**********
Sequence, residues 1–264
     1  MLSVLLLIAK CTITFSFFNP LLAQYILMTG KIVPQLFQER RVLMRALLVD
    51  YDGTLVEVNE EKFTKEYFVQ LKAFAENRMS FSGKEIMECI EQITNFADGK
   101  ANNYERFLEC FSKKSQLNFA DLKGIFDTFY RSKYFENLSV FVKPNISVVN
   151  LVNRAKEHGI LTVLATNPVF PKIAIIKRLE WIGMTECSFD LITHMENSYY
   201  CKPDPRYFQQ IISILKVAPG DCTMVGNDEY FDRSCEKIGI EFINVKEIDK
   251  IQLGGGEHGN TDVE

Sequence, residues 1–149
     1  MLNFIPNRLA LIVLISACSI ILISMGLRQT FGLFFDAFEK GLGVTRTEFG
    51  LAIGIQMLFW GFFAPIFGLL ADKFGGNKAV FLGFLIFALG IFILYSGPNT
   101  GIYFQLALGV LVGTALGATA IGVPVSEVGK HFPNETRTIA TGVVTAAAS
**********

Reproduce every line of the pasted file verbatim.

Sequence, residues 1–264
     1  MLSVLLLIAK CTITFSFFNP LLAQYILMTG KIVPQLFQER RVLMRALLVD
    51  YDGTLVEVNE EKFTKEYFVQ LKAFAENRMS FSGKEIMECI EQITNFADGK
   101  ANNYERFLEC FSKKSQLNFA DLKGIFDTFY RSKYFENLSV FVKPNISVVN
   151  LVNRAKEHGI LTVLATNPVF PKIAIIKRLE WIGMTECSFD LITHMENSYY
   201  CKPDPRYFQQ IISILKVAPG DCTMVGNDEY FDRSCEKIGI EFINVKEIDK
   251  IQLGGGEHGN TDVE

Sequence, residues 1–149
     1  MLNFIPNRLA LIVLISACSI ILISMGLRQT FGLFFDAFEK GLGVTRTEFG
    51  LAIGIQMLFW GFFAPIFGLL ADKFGGNKAV FLGFLIFALG IFILYSGPNT
   101  GIYFQLALGV LVGTALGATA IGVPVSEVGK HFPNETRTIA TGVVTAAAS